Fire!’s new album Defeat is out now via Rune Grammofon.
If I was weird enough to have a list of favourite Swedes then Mats Gustafsson would surely be near the top. The prolific saxophonist was involved in at least a couple of the best jazz projects from the past decade and he just can’t be stopped. Together with his Fire! ensemble he delivers one of the strongest albums of early 2021.
Every Fire! record sounds different from each other, yet Defeat seems like the biggest stylistic leap so far. Simultaneously it appears as one of the more accessible starting points for everyone interested in diving deeper into free jazz. Defeat lies very far from manic and hectic assaults from the likes of Peter Brötzmann, John Coltrane, or even some of Gustafsson’s earlier works. Having said that it still leaves a lot of room for Mats full-on experimental and improvisational sax passages, so you certainly won’t get bored!
Defeat starts on a very strong note upfront with ‘A Random Belt. Rats You Out’ introduces an instrument that was a huge surprise for me initially as it’s hardly ever heard in other Fire! releases and here it takes the lead. Giving the flute some room to breathe and shine turned out to be an amazing and refreshing choice. Accompanied by hypnotic basslines by Johan Berthling and subtle drumming courtesy of Andreas Werliin (and some occasional frantic screams) it serves as a great introduction to this album.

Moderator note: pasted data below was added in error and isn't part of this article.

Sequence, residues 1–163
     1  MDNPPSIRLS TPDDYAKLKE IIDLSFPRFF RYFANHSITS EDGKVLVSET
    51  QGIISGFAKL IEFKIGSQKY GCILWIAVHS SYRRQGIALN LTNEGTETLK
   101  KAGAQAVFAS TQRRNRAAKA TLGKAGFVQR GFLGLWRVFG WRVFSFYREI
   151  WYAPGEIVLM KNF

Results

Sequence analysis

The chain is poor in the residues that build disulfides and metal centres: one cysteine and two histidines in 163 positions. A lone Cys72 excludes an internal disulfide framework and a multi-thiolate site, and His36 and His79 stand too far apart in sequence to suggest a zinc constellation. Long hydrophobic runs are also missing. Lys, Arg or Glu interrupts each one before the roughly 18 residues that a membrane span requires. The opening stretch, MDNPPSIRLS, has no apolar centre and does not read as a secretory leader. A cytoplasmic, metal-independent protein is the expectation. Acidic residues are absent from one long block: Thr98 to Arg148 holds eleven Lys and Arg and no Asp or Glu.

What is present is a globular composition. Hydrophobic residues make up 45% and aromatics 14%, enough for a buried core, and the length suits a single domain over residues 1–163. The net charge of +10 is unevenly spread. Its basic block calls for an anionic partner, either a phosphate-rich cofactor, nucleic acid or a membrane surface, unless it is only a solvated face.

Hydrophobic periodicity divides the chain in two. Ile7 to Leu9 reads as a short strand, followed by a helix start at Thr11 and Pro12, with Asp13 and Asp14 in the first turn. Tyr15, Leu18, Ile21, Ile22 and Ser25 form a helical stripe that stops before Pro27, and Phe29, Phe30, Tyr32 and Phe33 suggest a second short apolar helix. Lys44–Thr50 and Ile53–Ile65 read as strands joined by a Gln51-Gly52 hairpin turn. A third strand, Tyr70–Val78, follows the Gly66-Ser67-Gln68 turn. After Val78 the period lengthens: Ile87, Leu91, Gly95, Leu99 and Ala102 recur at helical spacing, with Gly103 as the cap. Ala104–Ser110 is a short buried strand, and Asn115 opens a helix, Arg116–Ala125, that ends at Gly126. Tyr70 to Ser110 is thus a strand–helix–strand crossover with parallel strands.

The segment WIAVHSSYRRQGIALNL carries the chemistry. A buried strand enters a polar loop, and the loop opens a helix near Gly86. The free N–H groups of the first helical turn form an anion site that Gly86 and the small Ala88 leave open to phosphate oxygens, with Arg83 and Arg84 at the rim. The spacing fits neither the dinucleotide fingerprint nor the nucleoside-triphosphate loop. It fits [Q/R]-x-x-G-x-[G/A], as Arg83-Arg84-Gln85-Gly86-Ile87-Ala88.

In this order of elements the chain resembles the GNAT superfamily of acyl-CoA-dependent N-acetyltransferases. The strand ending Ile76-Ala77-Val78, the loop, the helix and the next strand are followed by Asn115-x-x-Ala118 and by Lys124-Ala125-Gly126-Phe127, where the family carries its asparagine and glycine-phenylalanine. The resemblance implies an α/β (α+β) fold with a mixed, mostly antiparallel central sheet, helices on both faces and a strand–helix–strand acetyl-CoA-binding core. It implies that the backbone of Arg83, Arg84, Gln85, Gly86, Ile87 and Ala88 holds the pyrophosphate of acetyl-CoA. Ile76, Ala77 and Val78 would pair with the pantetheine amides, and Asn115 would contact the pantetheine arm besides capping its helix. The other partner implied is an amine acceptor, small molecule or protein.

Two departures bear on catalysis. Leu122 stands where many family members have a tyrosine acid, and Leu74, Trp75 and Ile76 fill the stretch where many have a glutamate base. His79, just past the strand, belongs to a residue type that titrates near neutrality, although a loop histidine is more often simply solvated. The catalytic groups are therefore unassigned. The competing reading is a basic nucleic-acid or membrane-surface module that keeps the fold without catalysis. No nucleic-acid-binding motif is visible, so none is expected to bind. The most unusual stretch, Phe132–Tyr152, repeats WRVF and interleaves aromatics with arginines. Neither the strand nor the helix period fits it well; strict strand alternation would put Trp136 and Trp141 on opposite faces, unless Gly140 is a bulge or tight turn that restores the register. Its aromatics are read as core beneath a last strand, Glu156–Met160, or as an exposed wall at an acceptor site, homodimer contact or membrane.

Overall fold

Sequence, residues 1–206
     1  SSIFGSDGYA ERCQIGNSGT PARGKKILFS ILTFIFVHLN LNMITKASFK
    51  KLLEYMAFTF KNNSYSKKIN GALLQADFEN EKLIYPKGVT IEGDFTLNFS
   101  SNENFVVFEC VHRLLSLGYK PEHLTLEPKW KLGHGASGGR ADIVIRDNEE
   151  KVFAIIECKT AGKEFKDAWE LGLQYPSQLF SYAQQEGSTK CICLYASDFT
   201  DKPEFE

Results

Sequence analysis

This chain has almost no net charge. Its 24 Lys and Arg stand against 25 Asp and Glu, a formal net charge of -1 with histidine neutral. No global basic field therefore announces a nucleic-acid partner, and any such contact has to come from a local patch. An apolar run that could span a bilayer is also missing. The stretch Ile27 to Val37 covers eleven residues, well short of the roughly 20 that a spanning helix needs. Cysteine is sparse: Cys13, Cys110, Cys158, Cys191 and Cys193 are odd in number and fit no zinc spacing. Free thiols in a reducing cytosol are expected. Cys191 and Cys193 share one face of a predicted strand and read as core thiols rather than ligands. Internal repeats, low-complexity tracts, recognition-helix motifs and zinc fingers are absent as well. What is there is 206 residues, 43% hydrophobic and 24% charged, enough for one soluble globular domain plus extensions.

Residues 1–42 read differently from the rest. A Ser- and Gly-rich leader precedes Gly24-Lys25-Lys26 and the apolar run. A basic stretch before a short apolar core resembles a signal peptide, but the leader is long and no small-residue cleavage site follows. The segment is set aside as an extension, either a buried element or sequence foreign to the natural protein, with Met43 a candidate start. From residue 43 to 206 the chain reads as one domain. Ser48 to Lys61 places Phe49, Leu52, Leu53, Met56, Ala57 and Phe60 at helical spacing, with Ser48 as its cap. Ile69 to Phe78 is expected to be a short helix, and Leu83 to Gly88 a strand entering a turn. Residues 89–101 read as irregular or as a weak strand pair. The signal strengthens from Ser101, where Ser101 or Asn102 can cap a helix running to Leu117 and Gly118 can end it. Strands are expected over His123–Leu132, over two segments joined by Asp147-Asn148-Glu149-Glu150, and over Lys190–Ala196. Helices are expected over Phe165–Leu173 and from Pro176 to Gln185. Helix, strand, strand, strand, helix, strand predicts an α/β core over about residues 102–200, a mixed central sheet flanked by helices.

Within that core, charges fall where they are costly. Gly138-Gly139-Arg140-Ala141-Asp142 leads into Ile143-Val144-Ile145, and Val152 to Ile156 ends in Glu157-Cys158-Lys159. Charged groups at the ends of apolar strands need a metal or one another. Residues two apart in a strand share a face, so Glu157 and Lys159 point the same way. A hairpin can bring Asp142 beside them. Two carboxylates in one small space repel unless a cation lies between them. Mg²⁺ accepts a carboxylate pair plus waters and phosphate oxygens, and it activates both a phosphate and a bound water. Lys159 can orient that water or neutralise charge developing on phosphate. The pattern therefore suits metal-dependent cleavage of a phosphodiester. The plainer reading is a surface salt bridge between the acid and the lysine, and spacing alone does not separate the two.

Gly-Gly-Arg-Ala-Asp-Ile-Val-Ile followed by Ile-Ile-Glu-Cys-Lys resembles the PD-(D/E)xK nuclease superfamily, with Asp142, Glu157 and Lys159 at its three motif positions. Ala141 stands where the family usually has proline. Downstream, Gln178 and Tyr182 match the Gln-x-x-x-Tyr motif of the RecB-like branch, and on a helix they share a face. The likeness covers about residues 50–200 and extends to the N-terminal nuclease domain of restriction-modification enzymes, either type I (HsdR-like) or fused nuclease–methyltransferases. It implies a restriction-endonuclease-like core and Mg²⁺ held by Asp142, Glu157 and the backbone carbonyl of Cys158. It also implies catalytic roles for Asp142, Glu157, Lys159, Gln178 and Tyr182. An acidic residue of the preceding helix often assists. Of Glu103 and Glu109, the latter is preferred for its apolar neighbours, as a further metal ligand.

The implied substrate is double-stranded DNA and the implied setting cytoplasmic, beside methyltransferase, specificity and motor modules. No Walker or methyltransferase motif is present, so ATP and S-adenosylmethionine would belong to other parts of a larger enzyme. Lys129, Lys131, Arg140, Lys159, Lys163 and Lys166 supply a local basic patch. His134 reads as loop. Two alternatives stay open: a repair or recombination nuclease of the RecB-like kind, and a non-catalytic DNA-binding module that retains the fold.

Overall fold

My favourite part however comes in the very middle as the second part of ‘Each Millimeter of the Toad’ starts playing. It starts off slowly, almost as a dark jazz track, with a melancholic trumpet, but in just a blink of an eye, it erupts with a restless sax by Gustafsson. Despite the subcutaneous anxiety it delivers, the whole thing manages to stay so groovy and even playful, it’s hard to keep yourself from nodding your head or tapping your feet along with the rhythm.
Even though Fire! albums without the whole orchestra included seem to gain a bit less notoriety, they’re still among the best jazz records of this century. Defeat cements itself as yet another valuable addition to that catalog. Given how insanely prolific (without losing the quality) Gustafsson was over the last few years I hope I’ll be able to yet again meet with some of his works as early as in late 2021.
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